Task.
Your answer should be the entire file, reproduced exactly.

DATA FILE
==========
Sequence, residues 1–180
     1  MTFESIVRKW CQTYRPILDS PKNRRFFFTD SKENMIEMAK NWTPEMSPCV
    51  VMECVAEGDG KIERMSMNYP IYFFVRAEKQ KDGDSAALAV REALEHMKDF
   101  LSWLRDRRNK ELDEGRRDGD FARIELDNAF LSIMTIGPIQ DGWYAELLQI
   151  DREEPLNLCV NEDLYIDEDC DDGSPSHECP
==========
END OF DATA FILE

Sequence, residues 1–180
     1  MTFESIVRKW CQTYRPILDS PKNRRFFFTD SKENMIEMAK NWTPEMSPCV
    51  VMECVAEGDG KIERMSMNYP IYFFVRAEKQ KDGDSAALAV REALEHMKDF
   101  LSWLRDRRNK ELDEGRRDGD FARIELDNAF LSIMTIGPIQ DGWYAELLQI
   151  DREEPLNLCV NEDLYIDEDC DDGSPSHECP